Back in Cairo and without an official job, Wingate was told his rank had now reverted back to Major. Suffering from an outbreak of malaria, he was ignored and treated with disdain by a staff uninterested in him. It was June of 1941 and the war was in a critical stage in the Mediterranean. British forces in Libya had been driven out, the Cyrenaica port of Tobruk was under siege, and an offensive strike against the German forces in the Libyan desert was being soundly defeated. Crete had just been conquered with heavy losses to Allied forces following the disastrous British intervention in Greece. Allied forces were attacking into Vichy-controlled French Syria to forestall an Axis intervention, and meeting tough resistance. Other Allied units were engaged in putting down a pro-Axis revolt in Iraq. With these pressing concerns and strategic threats across the map, no one wanted to think of the side-show of East Africa, especially about what was considered the minor activity of Gideon Force. The Cairo staff gave Wingate a hard time on his recommendations for awards for his personal and obstructed his attempts to get hardship-pay for them as well. Angry at the indifference given to Gideon Force's achievements and Ethiopian political concerns, Wingate started believing the authorities were deliberately playing down his achievements. So he set out to write a report for General Wavell on Gideon Force.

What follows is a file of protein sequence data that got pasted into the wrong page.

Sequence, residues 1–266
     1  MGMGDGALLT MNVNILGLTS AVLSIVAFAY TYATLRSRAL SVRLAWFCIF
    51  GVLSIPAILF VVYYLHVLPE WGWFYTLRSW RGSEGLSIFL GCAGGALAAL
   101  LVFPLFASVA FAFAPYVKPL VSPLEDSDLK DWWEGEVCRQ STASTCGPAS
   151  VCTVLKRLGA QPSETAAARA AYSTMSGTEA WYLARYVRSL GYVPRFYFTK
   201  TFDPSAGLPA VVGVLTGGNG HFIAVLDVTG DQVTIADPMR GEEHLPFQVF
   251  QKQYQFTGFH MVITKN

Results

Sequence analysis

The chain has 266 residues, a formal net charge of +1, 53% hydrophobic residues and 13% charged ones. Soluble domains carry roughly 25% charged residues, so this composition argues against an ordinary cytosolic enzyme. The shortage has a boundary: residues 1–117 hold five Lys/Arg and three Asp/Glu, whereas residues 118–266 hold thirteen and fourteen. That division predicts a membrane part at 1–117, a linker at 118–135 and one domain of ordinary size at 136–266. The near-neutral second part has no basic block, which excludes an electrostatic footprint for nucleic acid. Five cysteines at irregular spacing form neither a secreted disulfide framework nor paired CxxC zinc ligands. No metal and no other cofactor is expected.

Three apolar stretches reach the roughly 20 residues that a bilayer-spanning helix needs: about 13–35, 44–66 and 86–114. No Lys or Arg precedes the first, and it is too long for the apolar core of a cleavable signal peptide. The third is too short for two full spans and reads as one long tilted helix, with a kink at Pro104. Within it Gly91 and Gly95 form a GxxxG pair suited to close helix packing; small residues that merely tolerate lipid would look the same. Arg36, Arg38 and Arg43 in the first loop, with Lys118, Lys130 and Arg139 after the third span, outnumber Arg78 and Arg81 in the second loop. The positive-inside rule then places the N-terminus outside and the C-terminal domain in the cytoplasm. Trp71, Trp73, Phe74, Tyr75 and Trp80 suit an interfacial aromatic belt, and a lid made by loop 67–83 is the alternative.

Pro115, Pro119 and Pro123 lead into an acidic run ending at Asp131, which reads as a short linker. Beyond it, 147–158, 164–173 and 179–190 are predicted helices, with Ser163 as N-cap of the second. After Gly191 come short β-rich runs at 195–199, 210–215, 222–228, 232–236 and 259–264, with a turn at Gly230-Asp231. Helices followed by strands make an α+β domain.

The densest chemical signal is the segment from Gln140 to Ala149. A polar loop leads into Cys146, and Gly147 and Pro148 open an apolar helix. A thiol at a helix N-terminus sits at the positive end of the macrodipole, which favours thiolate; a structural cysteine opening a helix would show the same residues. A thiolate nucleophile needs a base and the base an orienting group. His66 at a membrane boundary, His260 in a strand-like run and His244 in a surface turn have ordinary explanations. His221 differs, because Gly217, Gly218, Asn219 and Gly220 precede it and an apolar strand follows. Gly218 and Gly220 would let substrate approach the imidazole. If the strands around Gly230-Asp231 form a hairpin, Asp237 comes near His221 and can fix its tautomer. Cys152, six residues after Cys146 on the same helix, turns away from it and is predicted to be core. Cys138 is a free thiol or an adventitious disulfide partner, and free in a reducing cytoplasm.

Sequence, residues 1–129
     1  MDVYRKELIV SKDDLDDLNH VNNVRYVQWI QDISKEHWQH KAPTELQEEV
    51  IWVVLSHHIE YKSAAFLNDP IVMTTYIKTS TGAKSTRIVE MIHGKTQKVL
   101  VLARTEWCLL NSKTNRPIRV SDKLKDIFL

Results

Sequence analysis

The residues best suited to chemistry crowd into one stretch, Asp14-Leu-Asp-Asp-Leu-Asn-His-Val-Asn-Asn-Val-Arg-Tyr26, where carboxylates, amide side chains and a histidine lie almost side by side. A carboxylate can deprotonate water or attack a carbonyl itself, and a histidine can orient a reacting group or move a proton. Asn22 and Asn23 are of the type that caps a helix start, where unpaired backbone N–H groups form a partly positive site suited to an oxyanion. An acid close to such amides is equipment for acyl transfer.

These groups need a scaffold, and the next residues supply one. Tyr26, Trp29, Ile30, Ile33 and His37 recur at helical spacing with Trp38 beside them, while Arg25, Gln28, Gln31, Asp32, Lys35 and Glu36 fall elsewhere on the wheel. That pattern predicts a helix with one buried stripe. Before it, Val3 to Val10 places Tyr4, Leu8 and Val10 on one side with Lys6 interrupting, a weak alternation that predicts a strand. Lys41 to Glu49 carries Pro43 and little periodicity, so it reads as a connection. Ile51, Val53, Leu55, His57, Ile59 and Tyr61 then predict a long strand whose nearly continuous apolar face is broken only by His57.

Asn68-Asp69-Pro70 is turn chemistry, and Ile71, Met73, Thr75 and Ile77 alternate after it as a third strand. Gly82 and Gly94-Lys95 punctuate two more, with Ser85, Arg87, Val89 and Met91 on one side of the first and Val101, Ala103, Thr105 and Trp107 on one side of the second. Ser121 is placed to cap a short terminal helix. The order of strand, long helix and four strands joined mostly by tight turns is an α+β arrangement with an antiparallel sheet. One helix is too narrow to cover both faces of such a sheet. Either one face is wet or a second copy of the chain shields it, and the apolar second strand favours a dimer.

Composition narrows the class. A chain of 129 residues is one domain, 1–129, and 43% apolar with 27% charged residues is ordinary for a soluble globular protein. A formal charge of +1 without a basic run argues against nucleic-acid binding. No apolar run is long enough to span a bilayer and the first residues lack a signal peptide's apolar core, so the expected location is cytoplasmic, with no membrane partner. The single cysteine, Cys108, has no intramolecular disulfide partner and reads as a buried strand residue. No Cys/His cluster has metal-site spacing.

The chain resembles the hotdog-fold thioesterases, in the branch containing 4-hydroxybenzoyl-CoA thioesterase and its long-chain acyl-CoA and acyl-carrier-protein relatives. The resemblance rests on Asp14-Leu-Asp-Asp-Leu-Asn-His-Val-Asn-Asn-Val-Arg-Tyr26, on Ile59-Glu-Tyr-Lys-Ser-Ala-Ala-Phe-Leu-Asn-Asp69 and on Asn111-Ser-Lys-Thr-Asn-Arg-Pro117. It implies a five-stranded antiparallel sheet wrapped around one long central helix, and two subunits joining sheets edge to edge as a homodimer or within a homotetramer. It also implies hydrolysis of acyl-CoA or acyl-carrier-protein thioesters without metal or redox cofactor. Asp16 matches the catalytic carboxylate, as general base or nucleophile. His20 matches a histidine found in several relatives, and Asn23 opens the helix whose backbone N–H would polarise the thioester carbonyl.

photo caption
The Italian surrender in the Walchefit region in September. The Italian forces here were permitted to surrender past an honor guard. The Patriots & Gideon Force units played a role in the fighting till the end of the campaign.
Photo courtesy of the Imperial War Museum, London

In his paper ‘Appreciation of the Ethiopian Campaign,’ he outlined the success his force had achieved in Ethiopia, and what he saw as proper unconventional warfare strategy. In the writing he argued that a properly supported and led military unit operating against enemy lines of communication could be very effective in conjunction with the use of regular forces. Wingate proposed that, "Given a population favorable to penetration, a thousand resolute and well-armed men can paralyze, for an indefinite period, the operation of a hundred thousand."3 He asked for such a force to be formed and argued its effectiveness could be increased by the use of regular air support. He stated that, "To sum up it is proposed to assemble and employ a force of the highest fighting qualities capable of employment in widely separated columns; that it should employ the friendly portion of the population for cover and support… that it should be allocated an objective behind the enemy's lines, the gaining of which will decisively affect the campaign; and that to enable it to carry out its task it must be given a political doctrine consonant with our war aims."4 Thinking of the use of political propaganda to win over local populations, and as he saw it of British efforts to stifle Ethiopian freedom, he wrote that attempts to raise future rebellions amongst populations must be honest ones and should appeal to justice. He added for such propaganda to be effective, using Ethiopia as an example, "We owed this success to the fact the Ethiopians believed our propaganda... Righteousness exhalteth a nation."5